Fermented Foods and Mood – from gloomy to flourishing

Jan 16 , 2020

Fermented Foods and Mood – from gloomy to flourishing

I have so much fun when I teach people at my fermented food workshops . So I thought I’d write this. 

Why bother eating fermented foods, let alone making them yourself?

Fermented foods contain beneficial probiotics/bacteria, as well as prebiotic foods and phytonutrients for those bacteria to thrive on. More recently science has found links between fermented food consumption, the health of the large intestine, and mental health. Good news!

Bare with me as I tell you what science has been investigating, as it affects us all.

Studies suggest ‘that consumption of fermented foods that contain probiotics may serve as a low-risk intervention for reducing social anxiety’. Plus eating particularly high fibre fermented foods can have anti-inflammatory benefits. In The American Journal of Psychiatry, Dr Janice Kiecolt-Glaser and colleagues suggest links with depression and inflammation, mentioning ‘anti-inflammatory interventions have a substantially greater impact on mood in individuals with heightened inflammation’. When the functioning of the gut was studied in a group of depressed as well as non-depressed individuals, poor gut function, especially characterised by ‘leak gut’, was significantly greater in the depressed individuals, leading to the study authors to state that gut function ‘plays a role in the inflammatory pathophysiology of depression’.

This becomes so exciting for me to hear science agrees with my observations. I see the results in my clinic from people eating fermented foods, pre- and pro- biotics, as well as all the fabulous phytonutrients that go with a wholefood way of eating. Not only do people feel more energetic and vital, they often say how improved their mood has become – from gloomy to flourishing!

I bet you never thought of your fermented foods as a psychobiotic.

Science defines ‘a psychobiotic as a live organism that, when ingested in adequate amounts, produces a health benefit in patients suffering from psychiatric illness’. Have I convinced you of the merits to consuming probiotic foods with prebiotic and phytonutrient co-factors?

In my cookbooks I have used many ingredients to help feed healthy gut bacteria. Take a look at my recipes as they all contain prebiotic and phytonutrient rich foods and are utterly delicious!

So which are beneficial fermented foods? Here’s a list of some:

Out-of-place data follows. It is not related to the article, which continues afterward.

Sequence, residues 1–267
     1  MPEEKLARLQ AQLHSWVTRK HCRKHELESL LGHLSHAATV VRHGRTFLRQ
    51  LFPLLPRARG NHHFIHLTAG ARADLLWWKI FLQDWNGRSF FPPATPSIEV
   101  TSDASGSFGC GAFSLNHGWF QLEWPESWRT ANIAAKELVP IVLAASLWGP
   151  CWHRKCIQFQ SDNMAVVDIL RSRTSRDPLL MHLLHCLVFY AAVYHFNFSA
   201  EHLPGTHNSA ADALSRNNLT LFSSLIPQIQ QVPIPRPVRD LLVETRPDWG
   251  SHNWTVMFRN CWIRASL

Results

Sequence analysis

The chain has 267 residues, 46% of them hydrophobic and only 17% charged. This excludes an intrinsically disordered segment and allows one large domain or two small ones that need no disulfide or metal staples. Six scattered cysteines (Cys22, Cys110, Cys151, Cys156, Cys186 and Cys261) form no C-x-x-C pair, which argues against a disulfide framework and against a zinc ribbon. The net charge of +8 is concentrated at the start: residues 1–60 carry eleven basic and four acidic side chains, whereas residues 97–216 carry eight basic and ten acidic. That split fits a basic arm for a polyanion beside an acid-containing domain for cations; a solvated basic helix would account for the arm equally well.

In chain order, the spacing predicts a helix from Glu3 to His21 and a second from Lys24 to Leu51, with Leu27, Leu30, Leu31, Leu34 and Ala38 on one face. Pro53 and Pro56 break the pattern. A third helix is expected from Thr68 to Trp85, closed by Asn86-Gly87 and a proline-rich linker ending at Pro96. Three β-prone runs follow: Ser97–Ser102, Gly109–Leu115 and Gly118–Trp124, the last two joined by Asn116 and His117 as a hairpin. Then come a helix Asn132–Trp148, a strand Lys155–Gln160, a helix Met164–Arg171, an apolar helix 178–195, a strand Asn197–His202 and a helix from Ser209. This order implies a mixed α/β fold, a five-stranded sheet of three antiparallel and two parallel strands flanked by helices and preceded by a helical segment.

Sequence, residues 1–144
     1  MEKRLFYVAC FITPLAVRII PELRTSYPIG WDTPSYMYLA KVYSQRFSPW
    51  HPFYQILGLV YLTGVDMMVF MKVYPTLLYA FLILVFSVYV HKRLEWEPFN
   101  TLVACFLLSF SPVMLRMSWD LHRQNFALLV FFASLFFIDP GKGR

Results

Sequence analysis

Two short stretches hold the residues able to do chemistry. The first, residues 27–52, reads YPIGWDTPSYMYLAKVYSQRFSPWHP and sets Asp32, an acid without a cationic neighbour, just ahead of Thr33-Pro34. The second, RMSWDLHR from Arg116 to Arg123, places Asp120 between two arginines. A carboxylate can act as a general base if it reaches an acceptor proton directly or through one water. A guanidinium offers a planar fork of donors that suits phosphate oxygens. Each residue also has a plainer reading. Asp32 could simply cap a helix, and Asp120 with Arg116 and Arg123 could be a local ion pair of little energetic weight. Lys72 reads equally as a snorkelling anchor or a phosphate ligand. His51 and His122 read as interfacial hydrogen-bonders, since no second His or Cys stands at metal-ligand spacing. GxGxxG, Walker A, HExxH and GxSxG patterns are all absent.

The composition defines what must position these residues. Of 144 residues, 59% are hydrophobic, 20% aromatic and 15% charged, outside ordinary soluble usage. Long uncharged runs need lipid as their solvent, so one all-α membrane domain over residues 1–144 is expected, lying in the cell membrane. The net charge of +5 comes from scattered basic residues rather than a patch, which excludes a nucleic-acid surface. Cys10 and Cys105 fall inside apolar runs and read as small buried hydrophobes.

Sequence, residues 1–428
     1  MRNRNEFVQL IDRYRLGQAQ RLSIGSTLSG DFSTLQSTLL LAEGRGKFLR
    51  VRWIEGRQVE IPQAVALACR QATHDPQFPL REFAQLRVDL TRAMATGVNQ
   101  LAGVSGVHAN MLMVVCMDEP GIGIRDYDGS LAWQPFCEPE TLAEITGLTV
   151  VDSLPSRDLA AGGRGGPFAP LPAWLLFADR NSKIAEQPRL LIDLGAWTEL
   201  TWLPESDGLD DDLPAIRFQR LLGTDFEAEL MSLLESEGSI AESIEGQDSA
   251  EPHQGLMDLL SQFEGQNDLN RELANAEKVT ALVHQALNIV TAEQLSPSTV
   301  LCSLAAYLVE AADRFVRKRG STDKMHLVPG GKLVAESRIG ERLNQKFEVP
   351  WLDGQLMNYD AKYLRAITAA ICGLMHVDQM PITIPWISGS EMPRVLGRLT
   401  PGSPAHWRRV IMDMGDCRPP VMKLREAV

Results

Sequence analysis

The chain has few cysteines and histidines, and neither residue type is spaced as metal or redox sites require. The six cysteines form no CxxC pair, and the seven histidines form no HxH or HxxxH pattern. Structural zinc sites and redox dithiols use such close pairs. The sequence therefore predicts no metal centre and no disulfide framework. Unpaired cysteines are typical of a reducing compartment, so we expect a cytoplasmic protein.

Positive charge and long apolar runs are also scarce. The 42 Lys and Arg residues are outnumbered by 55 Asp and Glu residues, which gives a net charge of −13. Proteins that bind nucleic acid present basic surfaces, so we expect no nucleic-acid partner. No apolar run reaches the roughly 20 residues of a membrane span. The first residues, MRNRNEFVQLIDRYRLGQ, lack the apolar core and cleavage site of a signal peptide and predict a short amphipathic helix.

Live yoghurt, unpasteurized sauerkraut, fermented unpasteurized vegetables and fruit, natto, tempeh, miso paste, kefir drinks/yoghurt, kombucha tea, unfiltered unpasteurized vinegar, some cheeses especially strong aged blue cheese, sourdough breads - even cocoa beans have to go through a fermentation process during manufacturing (interestingly in this recent small study  the authors state ‘consumption of cocoa flavanols can significantly affect the growth of select gut microflora in humans’).

If you can't manage to eat fermented foods each day and you feel you gut is out of balance then taking a probiotic may be helpful. Probiotics vary considerably in both their ingredients and effectiveness. It's important to choose one from a company you can trust, which has verified the effectiveness of those particular strains of bacteria (look for the words 'billion viable cells' and pick one with no less than 20 billion variable cells per recommended intake). Choose a product containing a number of different strains, rather than just one. 

What are prebiotic and phytonutrient co-factors?

This is fibre and other phytonutrients that can be used as a food source or to facilitate a positive outcome with those gut bacteria and your cells. With so many different bacteria in your gut (1,500 is touted as the number of different species, combined weight of 1.5kg says Dr John Bienenstock), there are many different types of beneficial fibres/phytonutrients. Examples are inulin found in foods such as garlic, leeks, asparagus, onions, chicory root, jersusalem artichoke, rye, banana, and wholegrains such as oats; And phytonutrient flavanols, like the ones in cocoa, green and black tea, turmeric, black beans, dark berries, red onions, red cabbage and watercress. 

At my next Fermented Foods Cooking Class, I'll have lots of these foods and showing ways to eat them. Plus everyone will be making fermented foods to take away!


1 Comments

  • 16 Jan 2020 Susie

    Emma thank you for explaining all the gut business so clearly – I feel bombarded today with products and foods to help my gut and your article gets it all in a nutshell plus gives us the scientific evidence in the background. I’m intersted that you say we should eat something probiotic every day – I manage Natto once a week – its not the most appealing of foods! I’d like to build up to once a day but using foods not supplements.
    I’m interested that miso paste is a probiotic food – if you’ve boiled it up as miso soup surely you’ve killed the bacteria so is it beneficial if you are using it in cooking? Or do you have to spread it on a piece of toast to get the benefit. Same goes for yoguhurt – do you destroy the good effects if you cook it say in your Quinoa Crusted Mushroom Pie in the Happy Hormone Cookbook?


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